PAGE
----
15Phase 2: Explosion The tension is released in a burst of physical, sexual, and/or verbal/emotional abuse.Scream and yell in a way that is frightening and/or humiliating.Hit, grab, shove, kick, slam the other persona against the wall, etc.Throw objectsThreaten to hurt the other person.Rape the other person or force five or her to go further sexually than he or she wants to.
16Phase 3: Honeymoon The abuser tries to make the target stay in the relationship by apologizing and/or trying to shift the blame for the abuse onto someone or something else. The abuser may:Apologize and promise that the abuse will never happen again.Say “I love you.”Buy the other person flowers or gifts.Accuse the other person of doing something to cause the abuse.Blame the abuse on other things such as alcohol or other drug use or stress.
17After the honeymoon phase, the tension starts to build again, leading to Another explosion.Over time, the honeymoon phase may get shorterand Gradually disappear, and the explosions maybecome more violent and Dangerous.Some targets of dating violence never experience thehoneymoon phase—just the tension building andexplosion phases.
18False Beliefs and Attitudes that Support Teen Dating Violence Can’t believe date will break up with themIt’s the abusers faultOK for a boy to hit a girlA gift will make up for abuse.Must “check up” on you all the time.If you spend money, the other “owes” you something.Guys have to be strong and “in control”Targets must be doing something wrong, or they would not be abused.If they are being abused, they must like it.Women of certain ethnicities are more submissive than others.
19Defeat beliefsThe only way to defeat these beliefs is for individuals little by little to replace them with beliefs that value nonviolent relationships that are based on respect.
20Ending Teen Dating Violence Part 3Ending Teen Dating Violence
21Increasing your safety in an abusive dating relationship Talk with a trustworthy adult (Parent, guardian, teacher, counselor, clergy) about what your are experiencing.Create a Teen Dating Safety planCall the PoliceWith help from a trustworthy adult, get a restraining order or protective custody.If your home is not a safe place and you live with the abuser, consider going to a domestic violence shelter.
22Reaching out to a friend What can teenagers do in their relationships with friends and family members in the school and in the community to help prevent teen dating violence?
23IdeasDon’t use language that promotes abusive attitudes and behaviors.Don’t support degrading or sexist jokes and put-downs by laughing at them—even if someone you like told the joke or made the put-down.Don’t purchase or listen to music with degrading or sexist lyrics—even if you like the musician who perform it.Think about how your own attitudes and behaviors might contribute to violence and abuse.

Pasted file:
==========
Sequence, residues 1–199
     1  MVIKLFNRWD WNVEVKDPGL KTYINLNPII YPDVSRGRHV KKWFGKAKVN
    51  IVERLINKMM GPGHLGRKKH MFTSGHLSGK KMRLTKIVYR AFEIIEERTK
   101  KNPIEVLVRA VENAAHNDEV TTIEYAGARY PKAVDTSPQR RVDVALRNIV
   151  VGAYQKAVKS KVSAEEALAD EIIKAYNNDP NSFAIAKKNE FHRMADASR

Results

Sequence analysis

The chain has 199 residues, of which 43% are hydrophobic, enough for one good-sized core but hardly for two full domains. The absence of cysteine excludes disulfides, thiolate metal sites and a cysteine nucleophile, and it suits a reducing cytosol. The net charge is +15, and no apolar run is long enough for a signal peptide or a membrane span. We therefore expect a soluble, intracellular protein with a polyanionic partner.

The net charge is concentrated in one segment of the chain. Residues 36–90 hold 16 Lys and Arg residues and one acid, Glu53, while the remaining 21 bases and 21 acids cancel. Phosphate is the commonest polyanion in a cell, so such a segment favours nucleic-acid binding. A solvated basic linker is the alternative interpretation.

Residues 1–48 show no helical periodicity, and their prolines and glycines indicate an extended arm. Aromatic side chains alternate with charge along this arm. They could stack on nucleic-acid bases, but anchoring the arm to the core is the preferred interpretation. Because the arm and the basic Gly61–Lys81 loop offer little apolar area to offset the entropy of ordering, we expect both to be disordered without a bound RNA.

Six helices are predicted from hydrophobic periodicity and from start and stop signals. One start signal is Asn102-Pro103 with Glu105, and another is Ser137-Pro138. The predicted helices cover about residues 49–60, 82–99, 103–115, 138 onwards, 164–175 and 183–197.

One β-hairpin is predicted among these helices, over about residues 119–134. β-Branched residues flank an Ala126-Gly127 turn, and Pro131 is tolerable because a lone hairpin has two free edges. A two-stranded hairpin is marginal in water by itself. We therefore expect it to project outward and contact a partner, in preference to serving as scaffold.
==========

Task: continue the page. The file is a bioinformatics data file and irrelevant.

24Ideas continued…Be an example to your peers: treat your friends, boyfriend or girlfriend and family members with respect.Talk about dating violence with children younger than you.Support other people who are working to end dating violenceBecome active in teen dating violence preventions efforts in your school and community.
25Reaching out to a friend who is abusing someone Explain that you are still the person’s friend, but that you don’t like it when he or she is abusive to someone.Do not accept the abuser’s excuses for the abuse. Say clearly that abuse is never OK.Encourage the friend to find a counselor whom he or she can trust.When you see your friend, treat his or her partner with respect, acknowledge and praise it.Do not act as a “go-between” to help the couple work things out.
26Making a dating safety plan Keep important phone numbers nearby at all times. Always have a cell phone or change for a phone call.Keep a record of all incidents of violence. Save any threatening or harassing letter and text or voic messages that the abuser sends.Explain to trustworthy friends and family that if they think she or he may be in danger, call 911.Plan escape routes from places like home and schoolTry not to be alone in isolated areas.
27Safety Plan continued… Join a support group for teenagers who have experienced dating violence.Put the original copies of important documents (id, health insurance) in a location that cannot be easily found by the abuser.Choose an account password that the abuser will not be able to guess to that the abuser will not be able to read his or her incoming and outgoing mail.
28If leaving the relationship consider Get a restraining orderTell close family and friends that they are no longer in the relationshipChange one’s school schedule to avoid being in class with the abuser.Screen calls and/or change one’s phone number to an unlisted numberAvoid going to location where the abuser might look for him or her.